the online A-Z of Southampton's history.

Winston Churchill doffs his cap to a waving crowd.
(Associated British Ports, 1941)

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31 January 1941


Late in the morning passers-by spotted civil defence services on parade in the Civic Centre forecourt, and hung around to see what might be happening. At 11 o’clock, a car pulled up, and out stepped the unmistakable figure of Winston Churchill, with his wife and President Roosevelt’s special envoy, Harry Hopkins. The crowd cheered, and Churchill doffed his cap and smiled. Officials in Eastleigh had already had a chance to greet him as he passed through the station to where the car was waiting to take him to Southampton. After exchanging warm handshakes with the Mayor, W Lewis; Sheriff, T A Ponsford; and ARP Controller, F J Phillips on the steps of the Municipal Offices he inspected the parade amid loud cheers. On his way in to the building, he turned and called to the crowd: “Are we downhearted?” and “back came a tremendous ‘No!’”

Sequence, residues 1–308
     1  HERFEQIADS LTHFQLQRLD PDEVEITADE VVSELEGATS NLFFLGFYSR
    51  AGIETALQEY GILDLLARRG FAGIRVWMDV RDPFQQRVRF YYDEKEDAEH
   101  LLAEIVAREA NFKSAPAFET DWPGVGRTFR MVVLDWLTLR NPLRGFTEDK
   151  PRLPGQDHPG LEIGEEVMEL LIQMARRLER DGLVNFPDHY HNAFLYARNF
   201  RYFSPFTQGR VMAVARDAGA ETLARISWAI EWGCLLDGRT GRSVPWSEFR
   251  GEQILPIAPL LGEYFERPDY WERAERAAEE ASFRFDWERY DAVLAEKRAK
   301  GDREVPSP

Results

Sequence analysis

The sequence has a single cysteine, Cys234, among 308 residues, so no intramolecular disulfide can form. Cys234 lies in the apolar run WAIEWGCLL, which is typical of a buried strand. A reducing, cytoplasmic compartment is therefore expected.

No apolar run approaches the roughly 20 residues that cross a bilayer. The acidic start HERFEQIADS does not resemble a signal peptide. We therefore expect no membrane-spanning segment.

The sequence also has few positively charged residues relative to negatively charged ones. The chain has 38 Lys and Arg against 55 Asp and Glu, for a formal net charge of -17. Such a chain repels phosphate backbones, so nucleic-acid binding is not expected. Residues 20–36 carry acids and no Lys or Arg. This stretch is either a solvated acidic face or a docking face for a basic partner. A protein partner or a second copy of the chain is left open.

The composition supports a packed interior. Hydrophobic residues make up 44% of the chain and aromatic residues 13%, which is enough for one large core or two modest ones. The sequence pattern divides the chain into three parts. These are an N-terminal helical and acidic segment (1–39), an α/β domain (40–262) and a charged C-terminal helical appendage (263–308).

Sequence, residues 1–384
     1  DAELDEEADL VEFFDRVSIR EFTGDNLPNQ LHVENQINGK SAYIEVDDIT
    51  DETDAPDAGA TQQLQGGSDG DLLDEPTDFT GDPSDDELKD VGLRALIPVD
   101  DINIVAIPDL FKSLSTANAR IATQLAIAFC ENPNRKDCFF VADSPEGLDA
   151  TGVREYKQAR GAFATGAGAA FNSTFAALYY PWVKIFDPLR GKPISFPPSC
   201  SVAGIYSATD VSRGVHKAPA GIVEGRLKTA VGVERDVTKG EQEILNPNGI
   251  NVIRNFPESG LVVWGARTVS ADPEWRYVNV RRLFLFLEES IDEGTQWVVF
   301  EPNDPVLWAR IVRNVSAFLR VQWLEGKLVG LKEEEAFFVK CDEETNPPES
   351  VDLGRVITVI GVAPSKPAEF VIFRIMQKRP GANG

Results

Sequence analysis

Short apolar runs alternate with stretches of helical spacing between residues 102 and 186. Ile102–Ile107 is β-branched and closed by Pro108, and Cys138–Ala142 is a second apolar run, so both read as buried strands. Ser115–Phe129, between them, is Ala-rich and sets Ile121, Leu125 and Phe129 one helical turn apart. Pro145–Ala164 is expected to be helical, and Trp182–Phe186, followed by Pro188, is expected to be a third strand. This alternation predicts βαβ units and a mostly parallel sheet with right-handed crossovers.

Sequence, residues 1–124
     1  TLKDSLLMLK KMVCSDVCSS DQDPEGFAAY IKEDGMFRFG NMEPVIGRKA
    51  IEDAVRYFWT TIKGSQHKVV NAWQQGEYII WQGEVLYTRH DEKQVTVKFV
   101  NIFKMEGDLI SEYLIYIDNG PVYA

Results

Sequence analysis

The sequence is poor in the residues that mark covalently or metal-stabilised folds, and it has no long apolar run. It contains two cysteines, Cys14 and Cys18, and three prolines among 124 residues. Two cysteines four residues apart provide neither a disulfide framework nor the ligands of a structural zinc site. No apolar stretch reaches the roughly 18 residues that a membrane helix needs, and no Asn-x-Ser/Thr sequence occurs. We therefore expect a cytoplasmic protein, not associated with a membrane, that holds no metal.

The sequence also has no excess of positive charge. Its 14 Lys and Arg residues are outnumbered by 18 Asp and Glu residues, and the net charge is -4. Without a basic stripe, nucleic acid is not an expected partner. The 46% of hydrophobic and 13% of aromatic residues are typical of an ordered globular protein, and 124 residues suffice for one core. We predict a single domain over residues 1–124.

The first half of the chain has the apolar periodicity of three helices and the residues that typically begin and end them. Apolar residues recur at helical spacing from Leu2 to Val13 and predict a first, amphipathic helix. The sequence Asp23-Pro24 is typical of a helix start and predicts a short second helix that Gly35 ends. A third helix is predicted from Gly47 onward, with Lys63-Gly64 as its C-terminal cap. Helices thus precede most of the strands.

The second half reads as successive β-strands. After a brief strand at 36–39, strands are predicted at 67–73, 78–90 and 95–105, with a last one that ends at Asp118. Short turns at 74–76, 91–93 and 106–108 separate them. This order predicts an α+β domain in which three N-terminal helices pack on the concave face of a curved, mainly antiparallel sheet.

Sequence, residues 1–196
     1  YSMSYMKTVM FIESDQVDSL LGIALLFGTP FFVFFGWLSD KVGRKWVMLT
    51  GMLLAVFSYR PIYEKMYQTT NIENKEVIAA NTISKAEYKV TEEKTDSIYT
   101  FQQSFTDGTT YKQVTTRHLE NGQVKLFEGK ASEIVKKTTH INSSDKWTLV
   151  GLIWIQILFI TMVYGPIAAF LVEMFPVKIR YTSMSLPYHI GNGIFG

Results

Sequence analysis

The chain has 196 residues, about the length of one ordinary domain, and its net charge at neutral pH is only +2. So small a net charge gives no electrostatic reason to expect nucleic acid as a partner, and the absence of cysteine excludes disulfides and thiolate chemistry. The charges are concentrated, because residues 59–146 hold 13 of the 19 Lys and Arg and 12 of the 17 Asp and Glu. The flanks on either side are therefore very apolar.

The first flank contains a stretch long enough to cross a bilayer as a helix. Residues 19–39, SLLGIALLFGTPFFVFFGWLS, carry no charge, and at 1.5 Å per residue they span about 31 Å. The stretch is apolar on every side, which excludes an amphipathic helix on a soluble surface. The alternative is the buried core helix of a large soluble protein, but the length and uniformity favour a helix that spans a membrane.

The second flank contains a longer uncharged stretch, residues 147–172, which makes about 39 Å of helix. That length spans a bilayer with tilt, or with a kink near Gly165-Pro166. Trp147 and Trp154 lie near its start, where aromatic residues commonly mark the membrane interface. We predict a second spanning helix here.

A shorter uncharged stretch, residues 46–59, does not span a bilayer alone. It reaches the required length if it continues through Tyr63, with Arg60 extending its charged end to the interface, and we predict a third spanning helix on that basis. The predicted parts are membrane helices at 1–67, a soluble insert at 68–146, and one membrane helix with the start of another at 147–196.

A meeting with dignitaries in the Mayor’s parlour was followed by a tour of the town by car.

“At the docks he was greeted by Mr R P Boddle JP, Docks and Marine Manager. Following his inspection of the docks Mr Churchill left the town by train.”





Remembering the Southampton blitz day by day

See Air Raids, World War 2

19 January 1941
"Another raid concentrated on Southampton. Many incendiaries and HE bombs dropped. Fires started in all directions but controlled immediately. Eastleigh suffered somewhat. Raid more widespread but less intense than previously." (Walter Kingston)

21 January 1941
Edwin Harold Barfoot, of Butts Road, Sholing, died at the Borough Hospital of injuries received on 19 January 1941.

22 January 1941: "Planes over, probably patrols" (Walter Kingston.)
23 January 1941: "All quiet"
24 January 1941: "All quiet except patrols"
28 January 1941: "All quiet"
31 January 1941: "Planes over. Bombs dropped Fawley District."
2 February 1941: "All quiet"
4 February 1941: "Planes over. Some gunfire. (After 15 nights without an alert.)"
5-20 February 1941: "All quiet"


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Sotonopedia last updated 29 January 2021

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